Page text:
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Thursday, May 2, 2013

Military Silencing Religious Views? Maybe Not.

[Disclaimer: This is not an official statement by the Army, the Department of Defense, or any other organization. Opinions are my own. No legal advice is being given, and nothing within this post should be construed as such.] 

I have a message for members of the military concerned about their ability to express their faith: Don't worry. It hasn't yet come to that.  

My social media is exploding with the story about a "new policy" stopping military personnel from sharing their faith, including chaplains. I immediately met this story with caution, and I think that might be the best approach.

Based on the stories I've seen so far, I think it would be best not to rush to judgment.
From what I can glean from these stories, they all seem to point to a directive by the Air Force from 2012. I read the directive, and there is NOTHING to suggest that Chaplains or other Airmen cannot share there faith. 

It does, however, discuss a long-held standard for all military commanders. Commanders and those in leadership may not coerce others to a certain religious point of view. The operative part of the directive (which carries the force of law) states that leaders in the Air Force "must avoid the actual or apparent use of their position to promote their personal religious beliefs to their subordinates or to extend preferential treatment for any religion." All military branches teach their leaders that they may not promote one religion over another to their subordinates. Nothing in this directive would stop an Army Lieutenant from discussing his faith with his superior, another lieutenant, or DOD civilians outside of his chain-of-command. In addition, nothing in this directive would stop a Chaplain from doing what Chaplains do, and what they have always done. Commanders have always walked a fine line when discussing their personal religious or political views, and this doesn't stop them from doing that, even with their subordinates.

The stories report that Nate Christensen, a Navy O-4 spokesman at the Pentagon said, "Religious proselytization is not permitted within the Department of Defense. Court martials [sic] and non-judicial punishments are decided on a case-by-case basis and it would be inappropriate to speculate on the outcome in specific cases." Taken at face value, this statement is concerning. However, there are several things to note about this statement:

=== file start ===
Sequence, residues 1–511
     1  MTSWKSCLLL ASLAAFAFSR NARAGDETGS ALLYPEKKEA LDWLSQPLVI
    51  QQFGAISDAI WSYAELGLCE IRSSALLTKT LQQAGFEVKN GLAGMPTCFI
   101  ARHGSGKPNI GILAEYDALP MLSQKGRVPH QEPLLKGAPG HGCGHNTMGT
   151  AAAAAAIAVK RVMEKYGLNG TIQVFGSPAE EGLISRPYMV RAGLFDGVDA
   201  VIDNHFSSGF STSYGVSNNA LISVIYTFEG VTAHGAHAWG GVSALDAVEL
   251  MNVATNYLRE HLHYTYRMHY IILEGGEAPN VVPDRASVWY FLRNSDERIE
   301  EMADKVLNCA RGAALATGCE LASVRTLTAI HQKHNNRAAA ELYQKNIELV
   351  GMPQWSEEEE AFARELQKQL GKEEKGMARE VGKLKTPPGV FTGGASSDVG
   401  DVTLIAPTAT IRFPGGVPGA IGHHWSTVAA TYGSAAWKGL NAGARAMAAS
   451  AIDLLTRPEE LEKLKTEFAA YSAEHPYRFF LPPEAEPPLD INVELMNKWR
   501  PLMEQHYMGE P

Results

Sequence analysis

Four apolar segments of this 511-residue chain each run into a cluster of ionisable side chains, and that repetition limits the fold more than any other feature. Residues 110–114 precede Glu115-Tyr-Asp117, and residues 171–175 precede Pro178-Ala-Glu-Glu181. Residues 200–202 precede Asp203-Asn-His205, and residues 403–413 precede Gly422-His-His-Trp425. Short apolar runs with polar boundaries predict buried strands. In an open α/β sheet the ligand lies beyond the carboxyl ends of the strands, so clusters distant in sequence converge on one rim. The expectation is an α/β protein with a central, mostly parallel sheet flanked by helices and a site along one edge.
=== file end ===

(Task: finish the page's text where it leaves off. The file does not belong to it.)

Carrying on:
1. Even if the statement was said by a Pentagon official, the statement does not carry the force of law. It is not a lawful regulation or general order under Article 92 of the UCMJ, and thus, could not be used as non-judicial punishment or in a court-martial.

2. The stories all claim this was a written statement, but only one source received this statement and reported on it (all of the other stories are quoting him, the Fox News contributor).

3.  I have to question the way the statement was delivered, and the accuracy of how it was reported. My guess is that it was an email because of a glaring error. The plural of court-martial is "courts-martial." It seems that in an official Pentagon press release, several sets of eyes would have reviewed the statement and somebody would have caught on to that.

4. Perhaps the statement was just inartfully worded. I cannot imagine that the Pentagon has decided to announce an official position to a single source, that reverses course from the entire history of military law precedent and policy.

I have seen no evidence that any branch of the military has given any directive, order (lawful or otherwise), instruction, or regulation that would stop its members from sharing their faith. 

I'm not saying there shouldn't be concern over statements like those allegedly made by the pentagon official. I'm also not saying that we shouldn't be concerned when Pentagon officials look to sources like Mikey Weinstein for guidance on anything, let alone religious tolerance. But these stories alone should not lead military members to stop discussing their faith as they always have, being cognizant of their roles as leaders.

Admittedly, I'm an outsider now, having been discharged from Active Duty nine months ago. So if I'm missing some policy that the news stories haven't shared, I hope someone will pass on the information that I don't have in front of me. Absent that, I think it's premature for civilians to panic about the state of military's freedom of expression, for our military friends to stop sharing their faith, or for Christians in the military to find civilian jobs. 

Troops, keep fighting the good fight on all fronts, military and otherwise. 

Jody Hurst spent four years as an Army Judge Advocate, and now spends his time trying to make the world a better place through writing, blogging, trying to be a decent husband to his beautiful wife and father to his three wonderful kids, and occasionally working as  a local government attorney.  

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